Nexamp Peak, largest community solar installation in Northeast, powers on
HANCOCK >> With the flip of a ceremonial switch, Tyler Fairbank on Tuesday signaled the completion of Nexamp Peak, the largest community solar installation in the Northeast.
After more than three years of preparation and three months of construction, the facility is poised to generate 2.3 megawatts of power, 50 percent of which will be used by Jiminy Peak Mountain Resort.
The balance of the power generated will be sold to 115 local subscribers at a 15 percent discount from the residential retail rate.
And when the solar farm is up and running, Jiminy Peak will be nearly entirely powered by renewable energy, according to Fairbank, CEO of the resort.
Fairbank and Zaid Ashai, CEO of Nexamp, celebrated the project's completion with members of the teams that performed the installation, which sits on a hill just a few hundred yards away from the entrance to the resort. Nexamp owns the installation, which was built on land owned by the Fairbank Group, parent company of Jiminy Peak.
"It's been a long road," Fairbank said, noting that the process was complicated because the project's location lies within the service areas of both National Grid and Eversource. So to connect the power to the grid, he said, interconnection agreements had to be established with both companies.
"To get interconnected is a big deal with one utility," Fairbank said, "but with two it's really tough."
The solar farm, which contains 7,500 solar panels over 12 acres, is just the latest in a string of conservation efforts and renewable energy projects that help power the resort. Combined with Zephyr, a 1.5 megawatt wind turbine, and a 75 kilowatt cogeneration unit installed in the resort's hotel, Jiminy Peak will offset about 90 percent of its energy needs from local renewable sources — a nearly unheard-of accomplishment among notoriously energy-thirsty ski resorts.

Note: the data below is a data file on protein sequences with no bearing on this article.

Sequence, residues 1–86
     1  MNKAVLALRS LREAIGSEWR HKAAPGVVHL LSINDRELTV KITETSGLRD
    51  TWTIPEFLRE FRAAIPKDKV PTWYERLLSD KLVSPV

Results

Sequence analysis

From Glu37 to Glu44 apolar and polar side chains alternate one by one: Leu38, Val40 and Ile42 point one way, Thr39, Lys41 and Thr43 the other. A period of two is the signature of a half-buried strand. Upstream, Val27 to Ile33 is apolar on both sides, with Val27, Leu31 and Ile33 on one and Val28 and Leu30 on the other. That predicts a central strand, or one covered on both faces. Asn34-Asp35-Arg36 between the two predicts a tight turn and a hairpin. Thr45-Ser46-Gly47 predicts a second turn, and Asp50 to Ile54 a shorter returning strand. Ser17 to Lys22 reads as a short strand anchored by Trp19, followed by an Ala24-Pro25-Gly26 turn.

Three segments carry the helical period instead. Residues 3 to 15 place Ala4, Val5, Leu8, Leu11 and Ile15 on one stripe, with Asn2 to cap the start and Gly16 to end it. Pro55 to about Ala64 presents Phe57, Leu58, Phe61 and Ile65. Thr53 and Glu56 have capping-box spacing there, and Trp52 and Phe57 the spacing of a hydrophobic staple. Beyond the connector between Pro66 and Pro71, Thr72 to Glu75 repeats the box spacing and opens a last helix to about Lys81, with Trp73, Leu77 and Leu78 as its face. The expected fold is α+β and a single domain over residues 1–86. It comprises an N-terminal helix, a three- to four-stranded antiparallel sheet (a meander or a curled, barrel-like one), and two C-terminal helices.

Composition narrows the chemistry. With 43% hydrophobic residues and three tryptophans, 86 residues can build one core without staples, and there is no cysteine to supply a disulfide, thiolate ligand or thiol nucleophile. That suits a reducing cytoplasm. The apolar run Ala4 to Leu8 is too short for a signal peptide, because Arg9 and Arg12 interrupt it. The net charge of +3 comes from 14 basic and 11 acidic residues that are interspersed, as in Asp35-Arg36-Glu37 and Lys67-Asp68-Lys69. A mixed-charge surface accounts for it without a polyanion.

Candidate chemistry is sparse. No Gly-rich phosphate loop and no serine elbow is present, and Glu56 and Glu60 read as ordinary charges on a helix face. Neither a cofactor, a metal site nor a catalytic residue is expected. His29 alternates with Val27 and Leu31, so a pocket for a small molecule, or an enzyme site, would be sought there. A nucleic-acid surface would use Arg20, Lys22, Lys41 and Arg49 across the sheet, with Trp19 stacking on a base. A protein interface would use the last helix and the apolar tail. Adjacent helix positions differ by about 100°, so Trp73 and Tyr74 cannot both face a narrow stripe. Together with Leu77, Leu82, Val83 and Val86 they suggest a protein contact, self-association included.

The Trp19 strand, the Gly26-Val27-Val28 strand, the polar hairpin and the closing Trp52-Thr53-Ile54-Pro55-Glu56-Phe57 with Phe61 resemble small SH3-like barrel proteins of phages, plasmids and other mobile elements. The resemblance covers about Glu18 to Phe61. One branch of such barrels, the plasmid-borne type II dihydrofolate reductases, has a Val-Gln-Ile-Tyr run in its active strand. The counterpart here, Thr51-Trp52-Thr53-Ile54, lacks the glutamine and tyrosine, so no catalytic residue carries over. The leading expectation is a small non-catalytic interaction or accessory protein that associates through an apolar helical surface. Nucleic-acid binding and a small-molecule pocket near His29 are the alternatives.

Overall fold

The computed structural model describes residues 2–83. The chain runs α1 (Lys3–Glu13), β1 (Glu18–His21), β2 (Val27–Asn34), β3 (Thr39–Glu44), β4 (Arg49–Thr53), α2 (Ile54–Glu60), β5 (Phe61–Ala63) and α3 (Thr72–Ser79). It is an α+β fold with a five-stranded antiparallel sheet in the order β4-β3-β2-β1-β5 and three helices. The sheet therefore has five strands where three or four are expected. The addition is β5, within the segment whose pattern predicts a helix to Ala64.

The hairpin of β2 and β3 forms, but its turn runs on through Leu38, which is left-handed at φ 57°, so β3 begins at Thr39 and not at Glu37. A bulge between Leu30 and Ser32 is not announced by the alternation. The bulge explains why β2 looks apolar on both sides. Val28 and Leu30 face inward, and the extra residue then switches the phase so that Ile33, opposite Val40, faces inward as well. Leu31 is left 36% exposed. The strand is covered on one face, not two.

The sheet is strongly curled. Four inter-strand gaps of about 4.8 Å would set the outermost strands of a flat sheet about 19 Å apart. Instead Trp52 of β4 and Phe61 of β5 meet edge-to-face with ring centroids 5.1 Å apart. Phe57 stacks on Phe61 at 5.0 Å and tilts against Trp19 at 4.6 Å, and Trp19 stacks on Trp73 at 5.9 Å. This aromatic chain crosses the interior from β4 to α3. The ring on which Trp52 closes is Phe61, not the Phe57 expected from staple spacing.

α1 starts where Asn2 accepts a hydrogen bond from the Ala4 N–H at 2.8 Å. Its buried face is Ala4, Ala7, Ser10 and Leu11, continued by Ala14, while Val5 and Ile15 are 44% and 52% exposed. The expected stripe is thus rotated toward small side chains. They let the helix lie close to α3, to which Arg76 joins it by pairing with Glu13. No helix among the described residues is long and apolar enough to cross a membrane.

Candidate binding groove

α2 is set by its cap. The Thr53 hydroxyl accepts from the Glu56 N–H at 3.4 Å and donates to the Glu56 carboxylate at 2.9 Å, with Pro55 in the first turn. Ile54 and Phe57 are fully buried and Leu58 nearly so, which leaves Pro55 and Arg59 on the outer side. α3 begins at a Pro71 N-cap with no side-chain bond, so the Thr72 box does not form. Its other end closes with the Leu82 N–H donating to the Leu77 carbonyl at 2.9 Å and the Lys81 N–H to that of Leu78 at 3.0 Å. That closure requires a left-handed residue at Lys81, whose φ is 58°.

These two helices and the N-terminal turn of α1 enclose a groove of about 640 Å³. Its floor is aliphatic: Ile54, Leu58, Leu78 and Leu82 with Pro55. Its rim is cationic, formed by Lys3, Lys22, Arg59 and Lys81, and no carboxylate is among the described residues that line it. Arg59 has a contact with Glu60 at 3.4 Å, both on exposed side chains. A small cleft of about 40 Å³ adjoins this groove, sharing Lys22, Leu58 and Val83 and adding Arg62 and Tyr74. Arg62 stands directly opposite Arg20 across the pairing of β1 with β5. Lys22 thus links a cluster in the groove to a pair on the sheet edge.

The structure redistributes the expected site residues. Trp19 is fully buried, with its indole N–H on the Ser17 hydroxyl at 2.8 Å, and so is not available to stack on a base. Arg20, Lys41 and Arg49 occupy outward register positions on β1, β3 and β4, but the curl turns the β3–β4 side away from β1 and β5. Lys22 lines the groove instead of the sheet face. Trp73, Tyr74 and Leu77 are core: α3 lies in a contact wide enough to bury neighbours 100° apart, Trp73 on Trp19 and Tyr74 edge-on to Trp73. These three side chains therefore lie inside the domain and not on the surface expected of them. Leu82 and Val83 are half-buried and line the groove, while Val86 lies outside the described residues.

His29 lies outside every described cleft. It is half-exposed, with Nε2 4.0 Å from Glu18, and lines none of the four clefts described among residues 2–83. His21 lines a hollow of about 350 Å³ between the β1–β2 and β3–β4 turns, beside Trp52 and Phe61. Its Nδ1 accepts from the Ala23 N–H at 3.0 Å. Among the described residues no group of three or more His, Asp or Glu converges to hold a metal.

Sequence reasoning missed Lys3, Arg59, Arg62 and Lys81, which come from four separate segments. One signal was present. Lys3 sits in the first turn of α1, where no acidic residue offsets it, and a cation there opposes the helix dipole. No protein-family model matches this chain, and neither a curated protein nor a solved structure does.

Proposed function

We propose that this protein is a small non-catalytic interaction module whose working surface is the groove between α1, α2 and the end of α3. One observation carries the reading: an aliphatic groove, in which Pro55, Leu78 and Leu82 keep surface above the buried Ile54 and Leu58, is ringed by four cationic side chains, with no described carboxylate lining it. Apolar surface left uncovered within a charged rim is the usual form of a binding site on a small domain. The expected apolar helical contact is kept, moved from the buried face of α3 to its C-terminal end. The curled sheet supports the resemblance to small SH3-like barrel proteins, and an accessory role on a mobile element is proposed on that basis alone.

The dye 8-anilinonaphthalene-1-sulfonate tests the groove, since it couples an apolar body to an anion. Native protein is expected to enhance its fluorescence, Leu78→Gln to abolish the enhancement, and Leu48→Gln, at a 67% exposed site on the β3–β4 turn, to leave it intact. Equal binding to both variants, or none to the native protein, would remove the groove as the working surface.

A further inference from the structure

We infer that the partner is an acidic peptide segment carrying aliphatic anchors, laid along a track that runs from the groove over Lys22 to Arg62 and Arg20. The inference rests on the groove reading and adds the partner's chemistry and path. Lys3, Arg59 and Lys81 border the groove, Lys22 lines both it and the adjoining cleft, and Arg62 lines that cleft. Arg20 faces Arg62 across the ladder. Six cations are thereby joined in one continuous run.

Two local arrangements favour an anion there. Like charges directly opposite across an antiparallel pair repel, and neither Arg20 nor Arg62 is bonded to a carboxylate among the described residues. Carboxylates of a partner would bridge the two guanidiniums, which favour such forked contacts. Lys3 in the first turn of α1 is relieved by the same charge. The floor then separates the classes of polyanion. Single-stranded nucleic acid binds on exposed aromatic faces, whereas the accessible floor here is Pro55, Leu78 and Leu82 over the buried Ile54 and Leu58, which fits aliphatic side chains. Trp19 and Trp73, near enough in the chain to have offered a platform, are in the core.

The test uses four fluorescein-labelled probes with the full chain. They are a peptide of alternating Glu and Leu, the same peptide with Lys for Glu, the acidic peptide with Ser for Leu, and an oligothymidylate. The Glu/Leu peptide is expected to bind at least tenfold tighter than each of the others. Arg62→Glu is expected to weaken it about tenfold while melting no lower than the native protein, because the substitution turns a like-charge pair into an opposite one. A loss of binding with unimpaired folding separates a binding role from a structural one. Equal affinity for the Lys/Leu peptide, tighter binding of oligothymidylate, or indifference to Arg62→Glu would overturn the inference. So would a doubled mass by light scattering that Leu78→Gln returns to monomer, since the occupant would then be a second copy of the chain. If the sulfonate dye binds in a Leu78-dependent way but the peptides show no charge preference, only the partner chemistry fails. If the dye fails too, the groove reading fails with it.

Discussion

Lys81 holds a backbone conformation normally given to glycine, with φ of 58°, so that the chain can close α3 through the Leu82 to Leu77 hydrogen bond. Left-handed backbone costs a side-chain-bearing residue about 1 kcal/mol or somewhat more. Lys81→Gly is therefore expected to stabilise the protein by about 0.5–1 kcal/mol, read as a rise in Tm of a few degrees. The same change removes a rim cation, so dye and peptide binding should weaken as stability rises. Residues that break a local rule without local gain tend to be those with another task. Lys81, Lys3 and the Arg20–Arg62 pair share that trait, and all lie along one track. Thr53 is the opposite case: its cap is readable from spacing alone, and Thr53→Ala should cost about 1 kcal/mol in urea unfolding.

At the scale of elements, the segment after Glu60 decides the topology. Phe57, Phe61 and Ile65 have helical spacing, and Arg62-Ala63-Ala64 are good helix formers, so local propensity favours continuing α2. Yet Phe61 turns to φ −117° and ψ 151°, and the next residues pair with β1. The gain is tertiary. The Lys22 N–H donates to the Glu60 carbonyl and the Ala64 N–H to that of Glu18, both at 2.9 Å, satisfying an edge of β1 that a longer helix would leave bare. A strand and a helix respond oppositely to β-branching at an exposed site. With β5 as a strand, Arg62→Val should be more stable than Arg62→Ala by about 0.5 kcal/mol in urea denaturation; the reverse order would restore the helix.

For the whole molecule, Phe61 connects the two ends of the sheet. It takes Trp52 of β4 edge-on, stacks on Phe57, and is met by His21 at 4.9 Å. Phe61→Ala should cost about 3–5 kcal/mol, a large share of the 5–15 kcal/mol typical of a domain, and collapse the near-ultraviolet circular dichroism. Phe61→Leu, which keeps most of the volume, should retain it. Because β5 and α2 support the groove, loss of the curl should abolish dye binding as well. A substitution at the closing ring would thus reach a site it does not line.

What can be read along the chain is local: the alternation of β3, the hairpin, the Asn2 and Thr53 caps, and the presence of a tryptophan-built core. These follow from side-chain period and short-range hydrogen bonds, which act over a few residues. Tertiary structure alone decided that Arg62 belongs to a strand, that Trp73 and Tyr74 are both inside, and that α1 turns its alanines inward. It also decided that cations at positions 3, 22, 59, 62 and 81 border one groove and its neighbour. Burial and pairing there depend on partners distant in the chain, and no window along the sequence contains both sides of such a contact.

Fairbank said the resort hopes to close the remaining gap through new energy conservation technology in both snow making and lighting.
"The non-stop effort that started a generation ago with my father (Brain Fairbank) continues here today, and into the future," Fairbank said. "It's important to us that we operate our resort as good neighbors and good stewards of the environment, which is why we've worked so hard to leverage as many renewable energy sources as we can. We were thrilled to partner with Nexamp on both of these fronts to add solar energy into the mix in such a way that the neighboring community can benefit from the facility, too."
Subscribers, all of them located nearby, bought up all the remaining shares of the project before it was completed. One of them, Howard Kleinbaum, a retiree who owns a condominium adjacent to the resort, was on hand to mark Monday's completion.
He noted that last winter, after National Grid increased its rates, his winter electric bill was $750 per month.
"It was just ridiculous," Kleinbaum said.
Now, with his 15 percent discount, he figured out that he will save about $750 per year.
"A $750 bill puts a real crimp in your budget," Kleinbaum said. "So this is a big help. Plus we'll be using renewable energy."
Final connection to both utilities is expected in the next four weeks, Fairbank said.
Nexamp is a Massachusetts-based company that develops, owns, operates and maintains its own solar projects.
It acquired the development rights for the project from EOS Ventures, a renewable energy company operated by the Fairbank Group that focuses on wind, solar and cogeneration projects.
"This project marks a tremendous milestone for us," Nexamp's Ashai said. "Massachusetts has an opportunity to be a national leader in solar energy, and its residents and businesses are more aware than ever of the potential for clean solar power to lower their utility costs."
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